Spousal maintenance

When you divorce or dissolve a civil partnership, one of you may agree to pay the other ongoing spousal maintenance payments. This is known as "spousal support" or "alimony", and as “periodical allowances” in Scotland, and is designed to help the financially weaker party adjust to their financial position after divorce. Spousal maintenance is different to child maintenance. Child maintenance is financial support towards a child's everyday living costs when you separate from your partner.

You can apply for spousal maintenance when you are divorcing your partner and feel that you will not be able to manage financially, either because your standard of living will change drastically, or you will be put at a financial disadvantage. This may be due to your decision to forego a career to support family and you now need time to develop your skills or to help you continue the standard of living you had prior to divorce or dissolution.

In Scotland, ongoing periodical allowances are rarely paid when a couple divorces or dissolves a civil partnership, as the courts normally impose a clean break principles. However, on some occasions periodical allowances may be awarded by the courts, where there are insufficient assets to be divided between both parties or the assets are inadequate to meet your needs.

There is no set formula for the calculation of spousal maintenance as there is for child maintenance. The payment has to be affordable for the paying party plus the needs of the payee have to be genuine.

The amount you receive would depend on many factors, including :

  • how much you need to live on
  • how much income you already have
  • how much you could potentially earn in the future
  • the assets that belong to the party making the payment as well as the way in which you lived during the marriage
  • how many children you have and their welfare

If the marriage or civil partnership is short (that is, less than 5 years), the courts will normally impose a Term Order, i.e. a period for which spousal maintenance is paid. However, if the couple has been together for a long time or if the court feels that the payee is unlikely to become financially independent, a Joint Lives Order may be imposed . A Joint Lives Order requires payment to be made for the rest of the payee’s life. In granting a Joint Lives Order, the court will consider all of the relevant factors mentioned above to see if the person receiving the payment can move closer to becoming financially independent at all.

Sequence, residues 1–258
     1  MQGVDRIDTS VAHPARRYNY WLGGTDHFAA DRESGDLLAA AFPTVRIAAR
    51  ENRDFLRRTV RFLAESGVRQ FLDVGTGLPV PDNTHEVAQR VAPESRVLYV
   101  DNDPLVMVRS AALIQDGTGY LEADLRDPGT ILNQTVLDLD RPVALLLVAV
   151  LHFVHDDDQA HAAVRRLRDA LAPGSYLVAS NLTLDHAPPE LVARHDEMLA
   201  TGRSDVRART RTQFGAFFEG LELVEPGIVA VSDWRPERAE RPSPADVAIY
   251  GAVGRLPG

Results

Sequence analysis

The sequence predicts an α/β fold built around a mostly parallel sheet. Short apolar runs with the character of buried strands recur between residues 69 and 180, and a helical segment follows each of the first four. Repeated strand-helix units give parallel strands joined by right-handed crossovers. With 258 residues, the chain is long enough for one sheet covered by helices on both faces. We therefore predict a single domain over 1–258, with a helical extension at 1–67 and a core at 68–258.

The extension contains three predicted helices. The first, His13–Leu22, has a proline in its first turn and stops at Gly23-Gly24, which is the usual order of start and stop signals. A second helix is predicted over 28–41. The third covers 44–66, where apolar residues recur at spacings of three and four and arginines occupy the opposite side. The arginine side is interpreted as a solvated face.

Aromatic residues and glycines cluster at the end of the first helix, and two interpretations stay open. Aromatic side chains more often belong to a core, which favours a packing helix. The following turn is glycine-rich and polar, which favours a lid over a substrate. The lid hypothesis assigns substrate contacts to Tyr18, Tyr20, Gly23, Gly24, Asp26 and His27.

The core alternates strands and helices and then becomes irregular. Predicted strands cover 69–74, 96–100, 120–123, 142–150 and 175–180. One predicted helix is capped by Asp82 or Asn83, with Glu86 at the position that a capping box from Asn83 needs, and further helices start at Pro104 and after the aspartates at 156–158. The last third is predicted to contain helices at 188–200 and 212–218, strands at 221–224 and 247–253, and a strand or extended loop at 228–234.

In Scotland, the courts will normally make a periodical allowance for a specific time, usually with a maximum duration of 3 years. In exceptional circumstances, the courts may award a periodical allowance for an extended period. These circumstances include:

  • The individual receiving the periodical allowance not having worked throughout the course of the marriage and would thus struggle to find employment. The other individual must be in good employment for this to be awarded.

  • The individual receiving the periodical allowance suffering from an illness or disability resulting in them experiencing severe financial hardship without the payments. In this case, payments may be awarded until they remarry, enter into a civil partnership, or die.

In some circumstances, a lump sum can be paid instead of a continual maintenance payment. This helps to encourage a clean break, severing all financial ties between the parties.

In Scotland, lump sum payments are often used to divide the assets of the marriage equally.

The person making payments can apply to court to have the amount adjusted, based on a change of circumstance, such as changes in income or the wealth of the party receiving the spousal maintenance. For instance, the payee could have secured a new job leading to them to become more financially independent. The court may decide to reduce the payment in order to reflect the change. It may also be reduced when the paying party is no longer capable of making the payments, e.g. because they lost their job.

The court has also the power to do the opposite, i.e. increase the amount of payment when the paying party is no longer capable of making the payment, eg. because they lost their job.

Spousal maintenance and periodical allowances usually stops when:

  • you or your your ex-partner die
  • the payment term ends
  • the person receiving spousal maintenance remarries or enters into another civil partnership
  • the court provides an order to stop the payments.

You can apply directly to the court for spousal maintenance. If you feel you may be eligible for spousal maintenance, Ask a lawyer for more details about applying and the costs involved.